HLM

Overview

In social research and other fields, research data often have a hierarchical structure. That is, the individual subjects of study may be classified or arranged in groups which themselves have qualities that influence the study. It is clear that the analysis of such data requires specialized software. Hierarchical linear and nonlinear models (also called multilevel models) have been developed to allow for the study of relationships at any level in a single analysis, while not ignoring the variability associated with each level of the hierarchy.

HLM fits models to outcome variables that generate a linear model with explanatory variables that account for variations at each level, utilizing variables specified at each level. HLM not only estimates model coefficients at each level, but it also predicts the random effects associated with each sampling unit at every level.

HLM:

  • can fit for two-, three- and four-level models with continuous, count, ordinal, and nominal outcome variables.
  • is capable of fitting multivariate models where the variance at the lowest level of the hierarchy can assume a variety of forms/structures.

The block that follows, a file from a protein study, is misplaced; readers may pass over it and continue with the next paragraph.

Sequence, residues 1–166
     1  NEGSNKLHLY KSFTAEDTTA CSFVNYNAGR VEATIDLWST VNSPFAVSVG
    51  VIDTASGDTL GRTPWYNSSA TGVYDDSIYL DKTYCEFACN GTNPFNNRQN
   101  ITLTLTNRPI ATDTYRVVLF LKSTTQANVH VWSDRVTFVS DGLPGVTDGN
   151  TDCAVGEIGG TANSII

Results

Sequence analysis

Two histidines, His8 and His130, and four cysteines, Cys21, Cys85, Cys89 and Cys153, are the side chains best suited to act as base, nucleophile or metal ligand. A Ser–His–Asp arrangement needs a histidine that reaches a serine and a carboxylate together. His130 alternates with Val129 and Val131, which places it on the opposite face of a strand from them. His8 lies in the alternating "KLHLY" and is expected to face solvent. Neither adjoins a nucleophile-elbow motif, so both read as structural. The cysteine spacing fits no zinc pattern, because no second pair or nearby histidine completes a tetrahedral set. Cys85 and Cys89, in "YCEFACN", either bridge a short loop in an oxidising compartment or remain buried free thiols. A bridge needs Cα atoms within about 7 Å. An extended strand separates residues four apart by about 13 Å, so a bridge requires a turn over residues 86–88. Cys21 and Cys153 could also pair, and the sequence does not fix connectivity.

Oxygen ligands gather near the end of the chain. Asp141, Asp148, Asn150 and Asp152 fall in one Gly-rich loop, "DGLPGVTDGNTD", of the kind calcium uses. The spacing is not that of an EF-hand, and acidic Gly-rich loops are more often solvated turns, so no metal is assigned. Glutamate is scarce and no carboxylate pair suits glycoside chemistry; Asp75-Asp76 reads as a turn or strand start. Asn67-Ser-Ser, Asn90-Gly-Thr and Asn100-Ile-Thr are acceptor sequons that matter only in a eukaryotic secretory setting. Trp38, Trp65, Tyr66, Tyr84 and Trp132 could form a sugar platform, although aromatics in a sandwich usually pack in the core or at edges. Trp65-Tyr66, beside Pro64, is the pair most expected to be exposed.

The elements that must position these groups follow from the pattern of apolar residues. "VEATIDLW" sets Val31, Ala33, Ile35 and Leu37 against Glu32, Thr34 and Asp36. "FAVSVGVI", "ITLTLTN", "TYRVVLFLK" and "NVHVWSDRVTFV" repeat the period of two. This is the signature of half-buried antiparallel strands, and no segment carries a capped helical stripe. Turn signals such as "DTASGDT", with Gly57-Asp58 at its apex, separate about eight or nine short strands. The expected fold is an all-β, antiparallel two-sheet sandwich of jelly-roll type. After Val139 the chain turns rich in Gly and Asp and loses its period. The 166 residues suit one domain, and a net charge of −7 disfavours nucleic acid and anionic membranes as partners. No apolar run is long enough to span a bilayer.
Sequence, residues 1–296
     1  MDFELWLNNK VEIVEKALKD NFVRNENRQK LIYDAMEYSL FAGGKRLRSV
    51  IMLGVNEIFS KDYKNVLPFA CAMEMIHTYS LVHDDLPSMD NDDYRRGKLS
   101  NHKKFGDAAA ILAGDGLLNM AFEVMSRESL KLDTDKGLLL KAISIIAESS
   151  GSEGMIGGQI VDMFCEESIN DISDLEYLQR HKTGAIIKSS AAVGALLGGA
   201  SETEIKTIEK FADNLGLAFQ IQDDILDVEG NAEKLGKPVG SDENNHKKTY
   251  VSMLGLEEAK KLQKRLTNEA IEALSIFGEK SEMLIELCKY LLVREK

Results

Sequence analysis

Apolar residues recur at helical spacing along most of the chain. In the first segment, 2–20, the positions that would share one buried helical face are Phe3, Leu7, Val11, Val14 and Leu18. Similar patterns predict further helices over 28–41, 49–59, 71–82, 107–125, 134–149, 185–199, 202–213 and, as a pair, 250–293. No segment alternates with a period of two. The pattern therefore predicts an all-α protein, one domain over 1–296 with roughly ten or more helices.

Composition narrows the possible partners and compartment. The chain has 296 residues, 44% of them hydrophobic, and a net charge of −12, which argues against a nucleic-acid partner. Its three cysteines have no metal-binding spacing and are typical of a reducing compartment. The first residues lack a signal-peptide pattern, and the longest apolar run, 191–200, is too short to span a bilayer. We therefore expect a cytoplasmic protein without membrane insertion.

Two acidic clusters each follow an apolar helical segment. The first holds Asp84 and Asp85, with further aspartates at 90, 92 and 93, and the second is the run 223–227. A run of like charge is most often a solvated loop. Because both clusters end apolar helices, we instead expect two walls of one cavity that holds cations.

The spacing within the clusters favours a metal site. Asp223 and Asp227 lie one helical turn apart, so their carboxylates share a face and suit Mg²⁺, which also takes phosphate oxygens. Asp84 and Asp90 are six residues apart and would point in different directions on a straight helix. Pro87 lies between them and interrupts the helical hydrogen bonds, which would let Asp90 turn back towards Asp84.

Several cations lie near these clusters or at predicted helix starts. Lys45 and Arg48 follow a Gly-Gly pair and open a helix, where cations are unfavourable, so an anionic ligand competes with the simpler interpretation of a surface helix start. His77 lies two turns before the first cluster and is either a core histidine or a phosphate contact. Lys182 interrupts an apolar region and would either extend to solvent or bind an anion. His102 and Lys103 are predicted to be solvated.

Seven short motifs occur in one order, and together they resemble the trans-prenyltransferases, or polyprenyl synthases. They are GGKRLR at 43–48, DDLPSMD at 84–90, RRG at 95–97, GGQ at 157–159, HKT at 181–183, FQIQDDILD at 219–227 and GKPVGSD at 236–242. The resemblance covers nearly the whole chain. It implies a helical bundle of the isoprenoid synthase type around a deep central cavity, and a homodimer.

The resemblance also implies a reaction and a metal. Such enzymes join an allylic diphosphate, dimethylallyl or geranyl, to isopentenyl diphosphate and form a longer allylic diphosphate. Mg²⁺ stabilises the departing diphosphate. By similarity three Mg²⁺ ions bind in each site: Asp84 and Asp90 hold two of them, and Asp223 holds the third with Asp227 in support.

• offers a choice of three- and four-level nested models for cross-sectional and longitudinal models and four-way cross-classified and nested mixture models.
  • allows the fitting of hierarchical models with dependent random effects (spatial design models).
  • has the ability to estimate an HLM from incomplete data in the form of a completely automated approach that generates and analyses multiply imputed data sets from incomplete data. The model is fully multivariate and enables the analyst to strengthen imputation through auxiliary variables.
  • includes the option to fit flexible combinations of Fixed Intercepts and Random Coefficients (FIRC) are now included in HLM2, HLM3, HLM4, HCM2, and HCM3. 
  • can analyze multiply-imputed/plausible value data.
  • has an option to fit V-known models.